That didn't last long:
All love for the people of Michigan and U of M pic.twitter.com/dATIELCJQe
— Ahmir_SoDevoted (@TheDeuce_2_Nice) August 24, 2016
Mitchell got in serious trouble over the summer that warranted what was probably going to be a year-long suspension. He was also apparently in the habit of posting images of him partying at various late-night hours on Snapchat. By all reports he was not a good fit for the program.
Privately we were expecting this, and I tried to gesture that direction in his recruiting profile:
General Excitement Level: Moderate-minus. Washout potential is high. Pure athlete at the moment.
And lo, it has come to pass. Dude could have sped it up a bit so that I didn't have to write that profile.
Even though he was nominally a receiver, Mitchell's departure is mostly a hit to the safety depth chart. Michigan really likes the McDoom/Crawford/Johnson trio and with Brad Hawkins an academic casualty both WR recruits who could play S have burned out before they could even get started.
That brings Michigan to 23 scholarships in a class we expect to reach 30.
Per Jon Runyan's instagram:
That's Andrew David in the picture. David came in as a scholarship kicker but wasn't in the conversation last year despite the open job and was then recruited over when Michigan brought in Quinn Nordin, the #1 K in the country to three of the four services. He was used as a pooch punter this spring; apparently that didn't take.
With Kenny Allen likely to have both specialist jobs this year and Nordin set to take over at one or both in 2017, David's departure shouldn't impact Michigan much on the field. They might look for a scholarship punter now, but with so many high-end guys on the hook and no obvious candidates they could pass.
David's departure brings the 2017 class up to 22 scholarships right now, with 30 or so signees likely.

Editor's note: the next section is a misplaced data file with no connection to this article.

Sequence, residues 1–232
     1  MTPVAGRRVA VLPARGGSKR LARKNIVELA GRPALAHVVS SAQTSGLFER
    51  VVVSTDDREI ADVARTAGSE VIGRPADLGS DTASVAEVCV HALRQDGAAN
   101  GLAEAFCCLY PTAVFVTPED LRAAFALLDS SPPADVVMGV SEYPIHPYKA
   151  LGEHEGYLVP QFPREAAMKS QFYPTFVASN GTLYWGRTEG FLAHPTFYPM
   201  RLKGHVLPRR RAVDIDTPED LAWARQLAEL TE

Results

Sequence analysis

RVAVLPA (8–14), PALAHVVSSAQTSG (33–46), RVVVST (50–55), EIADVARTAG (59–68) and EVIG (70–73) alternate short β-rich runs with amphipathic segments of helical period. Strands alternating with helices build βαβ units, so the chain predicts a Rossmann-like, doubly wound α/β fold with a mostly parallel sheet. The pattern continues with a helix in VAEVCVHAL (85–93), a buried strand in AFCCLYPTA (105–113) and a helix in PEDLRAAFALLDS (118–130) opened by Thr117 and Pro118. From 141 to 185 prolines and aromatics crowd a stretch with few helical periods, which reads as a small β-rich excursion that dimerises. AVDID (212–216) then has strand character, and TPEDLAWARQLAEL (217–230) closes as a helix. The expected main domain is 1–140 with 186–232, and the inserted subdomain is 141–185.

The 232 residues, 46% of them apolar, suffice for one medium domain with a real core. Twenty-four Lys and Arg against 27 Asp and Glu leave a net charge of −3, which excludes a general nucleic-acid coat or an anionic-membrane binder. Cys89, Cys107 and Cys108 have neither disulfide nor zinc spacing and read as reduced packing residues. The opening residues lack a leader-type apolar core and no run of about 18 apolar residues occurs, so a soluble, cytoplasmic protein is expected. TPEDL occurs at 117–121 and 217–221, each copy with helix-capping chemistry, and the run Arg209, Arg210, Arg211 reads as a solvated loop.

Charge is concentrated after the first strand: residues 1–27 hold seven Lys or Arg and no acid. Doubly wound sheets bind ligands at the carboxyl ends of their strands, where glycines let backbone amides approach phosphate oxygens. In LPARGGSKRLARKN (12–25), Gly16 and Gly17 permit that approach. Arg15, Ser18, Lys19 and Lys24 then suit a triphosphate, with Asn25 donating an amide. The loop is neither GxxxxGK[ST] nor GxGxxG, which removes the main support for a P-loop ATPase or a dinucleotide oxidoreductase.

We don't have a good Pallante shot, unfortunately [Eric Upchurch]
The phonebooks are here!
— Steve Lorenz (@TremendousUM) August 7, 2016
We'll have our usual phonebook overreaction soon. This post is about a couple of absences:
Freddy Canteen and Brady Pallante are not listed on Michigan's official 2016 roster.
— Nick Baumgardner (@nickbaumgardner) August 7, 2016
Canteen's status was known to be in question after offseason surgery; this would appear to resolve that. No word yet on whether that's a transfer or a retirement. He kept bouncing between WR and corner throughout his career, never getting established at either spot. He wasn't expected to contribute this year, although the surgery probably had something to do with that.
Pallante is a bit of a a surprise since he saw scattered snaps towards the end of the year and Michigan is already two under their scholarship limit. While he didn't look like a guy who was going to play much going forward you'd think the program would keep him around for this year at least; looks like Pallante could read the enormous four- and five-star ratings on the wall.
Both Canteen and Pallante were slated to take up slots on the 2017 roster and will no longer. Michigan now has 21 slots in the 2017 class and is recruiting for around 30; it's not too hard to look at the roster and find another four spots from would-be fifth year seniors and early NFL Draft entry.
According to a report from ESPN's Jeff Goodman, junior forward Kam Chatman is expected to transfer out of the program.
Barring a last-minute change of heart, source told ESPN that Michigan sophomore Kameron Chatman will transfer.
— Jeff Goodman (@GoodmanESPN) May 3, 2016